BMW has taken the wraps off its latest M2 on Tuesday, with a new two-door shape that cloaks its high-performance turbo-6, manual transmission, and rear-wheel-drive layout.
The M2 will reach dealerships in early 2023 with a starting price of $63,195, including a $995 destination charge.
Like the latest 2-Series coupe on which it is based, the new M2 is an evolution of the model it replaces. It has grown, though. Its wheelbase is 2.1 inches longer, overall length is up by 4.7 inches, and its track has grown by 1.5 inches up front and 1.6 inches in the rear. Not only does this create impressive proportions, but it should also mean improved surefootedness on the track.
Power comes from a twin-turbo 3.0-liter inline-6 and peaks at 453 hp, which is up 48 hp on the outgoing M2. The engine generates a peak torque of 406 lb-ft of torque and revs to 7,200 rpm, according to BMW. It can be had with an 8-speed automatic that features specific tuning for the M2; a 6-speed manual is standard.
With the manual, which features a rev-matching feature, the 0-60 mph time is a brisk 4.1 seconds. This drops to 3.9 seconds with the automatic. The standard top speed is 155 mph, but it can be raised to 177 mph by adding the available M Driver’s Package.
Drive goes to the rear wheels, and the drive torque can be split from left to right thanks to an Active M Differential fitted as standard. Also aiding the handling are several modifications around the chassis to increase torsional stiffness, aluminum suspension components specific to the vehicle, adjustable dampers, and adjustable electronic power steering.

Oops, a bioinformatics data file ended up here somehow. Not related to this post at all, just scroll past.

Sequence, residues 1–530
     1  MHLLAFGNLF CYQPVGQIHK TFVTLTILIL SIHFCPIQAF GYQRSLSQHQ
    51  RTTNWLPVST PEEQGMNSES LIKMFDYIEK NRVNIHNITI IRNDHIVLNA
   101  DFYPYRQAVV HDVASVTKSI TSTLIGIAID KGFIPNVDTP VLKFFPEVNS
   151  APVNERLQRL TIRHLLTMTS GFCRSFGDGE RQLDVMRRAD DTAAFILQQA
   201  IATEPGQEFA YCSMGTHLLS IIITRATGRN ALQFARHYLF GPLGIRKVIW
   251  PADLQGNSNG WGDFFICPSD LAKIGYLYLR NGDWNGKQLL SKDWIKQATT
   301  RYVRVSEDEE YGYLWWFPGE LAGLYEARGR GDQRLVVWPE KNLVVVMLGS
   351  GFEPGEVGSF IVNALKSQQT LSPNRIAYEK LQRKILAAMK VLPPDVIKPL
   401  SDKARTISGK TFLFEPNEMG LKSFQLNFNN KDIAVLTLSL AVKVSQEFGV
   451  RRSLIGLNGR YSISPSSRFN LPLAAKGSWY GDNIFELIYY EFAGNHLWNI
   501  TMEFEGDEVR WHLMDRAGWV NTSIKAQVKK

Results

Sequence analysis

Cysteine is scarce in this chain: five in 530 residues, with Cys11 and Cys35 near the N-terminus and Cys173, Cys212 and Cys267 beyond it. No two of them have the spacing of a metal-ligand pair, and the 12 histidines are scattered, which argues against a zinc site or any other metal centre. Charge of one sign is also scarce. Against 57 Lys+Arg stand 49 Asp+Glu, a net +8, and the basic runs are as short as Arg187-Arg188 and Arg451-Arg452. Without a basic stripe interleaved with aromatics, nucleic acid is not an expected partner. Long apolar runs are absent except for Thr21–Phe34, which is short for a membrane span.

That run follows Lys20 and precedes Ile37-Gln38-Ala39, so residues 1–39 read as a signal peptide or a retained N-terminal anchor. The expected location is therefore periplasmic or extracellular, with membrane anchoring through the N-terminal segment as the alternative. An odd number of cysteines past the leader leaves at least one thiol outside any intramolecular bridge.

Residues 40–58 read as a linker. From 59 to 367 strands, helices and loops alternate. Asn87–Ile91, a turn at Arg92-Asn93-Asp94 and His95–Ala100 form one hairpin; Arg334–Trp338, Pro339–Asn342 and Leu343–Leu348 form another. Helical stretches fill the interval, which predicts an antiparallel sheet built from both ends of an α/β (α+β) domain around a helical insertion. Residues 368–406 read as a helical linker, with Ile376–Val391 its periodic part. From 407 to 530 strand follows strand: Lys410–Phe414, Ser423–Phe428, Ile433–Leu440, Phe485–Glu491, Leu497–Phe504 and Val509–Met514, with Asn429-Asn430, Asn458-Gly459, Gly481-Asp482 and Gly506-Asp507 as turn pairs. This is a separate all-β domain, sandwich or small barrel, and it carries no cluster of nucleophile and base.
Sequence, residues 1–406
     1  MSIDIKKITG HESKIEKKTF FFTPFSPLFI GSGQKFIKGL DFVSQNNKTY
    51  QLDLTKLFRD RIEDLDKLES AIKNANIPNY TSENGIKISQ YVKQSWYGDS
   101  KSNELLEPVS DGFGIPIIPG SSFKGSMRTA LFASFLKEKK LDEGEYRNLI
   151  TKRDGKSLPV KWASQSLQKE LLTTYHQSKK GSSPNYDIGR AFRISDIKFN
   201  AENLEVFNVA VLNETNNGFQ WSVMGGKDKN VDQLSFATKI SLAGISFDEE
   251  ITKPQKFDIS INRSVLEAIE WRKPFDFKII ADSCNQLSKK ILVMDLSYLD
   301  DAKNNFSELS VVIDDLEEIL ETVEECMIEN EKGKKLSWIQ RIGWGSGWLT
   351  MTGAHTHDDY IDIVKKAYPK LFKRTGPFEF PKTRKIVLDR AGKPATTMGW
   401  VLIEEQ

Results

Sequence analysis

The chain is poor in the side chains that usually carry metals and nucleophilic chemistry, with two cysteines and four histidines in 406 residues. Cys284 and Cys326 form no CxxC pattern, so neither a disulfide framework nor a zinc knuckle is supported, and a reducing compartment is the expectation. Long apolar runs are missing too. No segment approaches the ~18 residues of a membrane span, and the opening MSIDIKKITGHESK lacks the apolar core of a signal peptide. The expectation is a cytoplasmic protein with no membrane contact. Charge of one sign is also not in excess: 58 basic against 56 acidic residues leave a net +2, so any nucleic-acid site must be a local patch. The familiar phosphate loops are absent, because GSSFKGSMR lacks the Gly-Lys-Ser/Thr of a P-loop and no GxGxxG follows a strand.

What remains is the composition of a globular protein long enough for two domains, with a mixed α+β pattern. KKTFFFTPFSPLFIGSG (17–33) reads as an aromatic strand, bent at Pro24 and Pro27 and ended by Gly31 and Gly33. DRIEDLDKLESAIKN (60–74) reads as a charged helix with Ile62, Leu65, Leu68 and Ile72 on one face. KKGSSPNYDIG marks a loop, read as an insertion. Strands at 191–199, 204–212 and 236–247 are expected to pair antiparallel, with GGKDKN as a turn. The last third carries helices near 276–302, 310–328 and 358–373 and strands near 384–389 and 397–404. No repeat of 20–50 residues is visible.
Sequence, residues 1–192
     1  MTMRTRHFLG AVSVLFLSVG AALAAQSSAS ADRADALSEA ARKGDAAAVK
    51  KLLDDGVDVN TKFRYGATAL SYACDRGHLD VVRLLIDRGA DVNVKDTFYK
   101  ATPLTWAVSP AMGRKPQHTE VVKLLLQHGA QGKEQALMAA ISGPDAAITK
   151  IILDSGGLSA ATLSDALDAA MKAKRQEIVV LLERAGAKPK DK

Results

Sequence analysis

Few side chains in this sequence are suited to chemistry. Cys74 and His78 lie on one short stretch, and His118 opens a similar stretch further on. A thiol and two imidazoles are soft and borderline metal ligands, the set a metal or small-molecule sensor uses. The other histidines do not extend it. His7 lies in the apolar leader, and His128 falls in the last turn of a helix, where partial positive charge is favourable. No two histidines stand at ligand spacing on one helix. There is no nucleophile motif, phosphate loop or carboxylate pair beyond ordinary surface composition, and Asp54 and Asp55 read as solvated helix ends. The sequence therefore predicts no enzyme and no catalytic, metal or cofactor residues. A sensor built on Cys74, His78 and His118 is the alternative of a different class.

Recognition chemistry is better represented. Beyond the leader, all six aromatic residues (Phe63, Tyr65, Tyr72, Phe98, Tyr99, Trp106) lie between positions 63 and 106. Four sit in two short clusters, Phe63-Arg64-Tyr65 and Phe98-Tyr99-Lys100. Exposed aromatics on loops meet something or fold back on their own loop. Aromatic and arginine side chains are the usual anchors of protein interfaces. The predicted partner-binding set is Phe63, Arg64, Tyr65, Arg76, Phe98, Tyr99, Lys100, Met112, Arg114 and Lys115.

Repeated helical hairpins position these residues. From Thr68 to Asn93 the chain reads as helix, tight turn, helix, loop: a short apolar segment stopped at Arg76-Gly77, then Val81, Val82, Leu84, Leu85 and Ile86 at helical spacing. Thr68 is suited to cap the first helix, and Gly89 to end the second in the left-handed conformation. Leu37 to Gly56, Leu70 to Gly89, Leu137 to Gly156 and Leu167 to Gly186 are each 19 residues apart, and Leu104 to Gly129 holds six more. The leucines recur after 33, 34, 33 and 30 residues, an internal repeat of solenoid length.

Stopping power comes from huge brakes with 6-piston calipers and 15.0-inch rotors at the front and single-piston calipers and 14.6-inch rotors at the rear. These reside within staggered light alloys that measure 19×9.5 inches up front and 20×10.5 inches at the rear. The calipers are painted blue as standard but can be swapped for a red set.
The curb weight of the new M2 is 3,814 lb with the manual and 3,867 lb with the auto, and the weight distribution is close to the ideal 50/50 split.
The exterior design has a menacing look that hints at the strong performance on tap. Rigid lines define its front and rear ends, including its twin kidney grilles that sport a design unique to the M2. At the rear, the most striking element is the diffuser insert that houses quad exhaust tips grouped near the center.
For the interior, the car has the latest dash design that BMW is slowly introducing across the 2-Series range. Instead of a traditional hood over the instrument cluster and a separate screen for the infotainment hub, it has a pair of conjoined floating screens. Sport seats with leather trim are standard and feature more pronounced side bolsters than before. These can be swapped with carbon-fiber bucket seats that help reduce weight by around 24 lb. A carbon roof is also available for buyers looking to drop additional weight. The standard roof features a sunroof with a glass surface 20% bigger than on the outgoing M2.
A long list of electronic driver-assist features is included as standard, some of them aimed at performance enthusiasts. One of these is a system that allows the driver to specify one of 10 stages of intervention by the electronic stability control system. Others include a Track mode that fully deactivates the vehicle’s assistance systems, and performance data recorders designed specifically for lap times and drift maneuvers. For drifts, the system records metrics like duration, distance, and angle.
Production of the new M2 will be handled at BMW Group’s plant in San Luis Potosi, Mexico. It’s where the regular 2-Series coupe is built.
BMW M turned 50 in May and is celebrating throughout the year. In addition to the new M2, the company has revealed the M3 Touring, M4 CSL, XM super SUV, M Hybrid V8 LMDh race car, and a powertrain test mule for future M electric vehicles.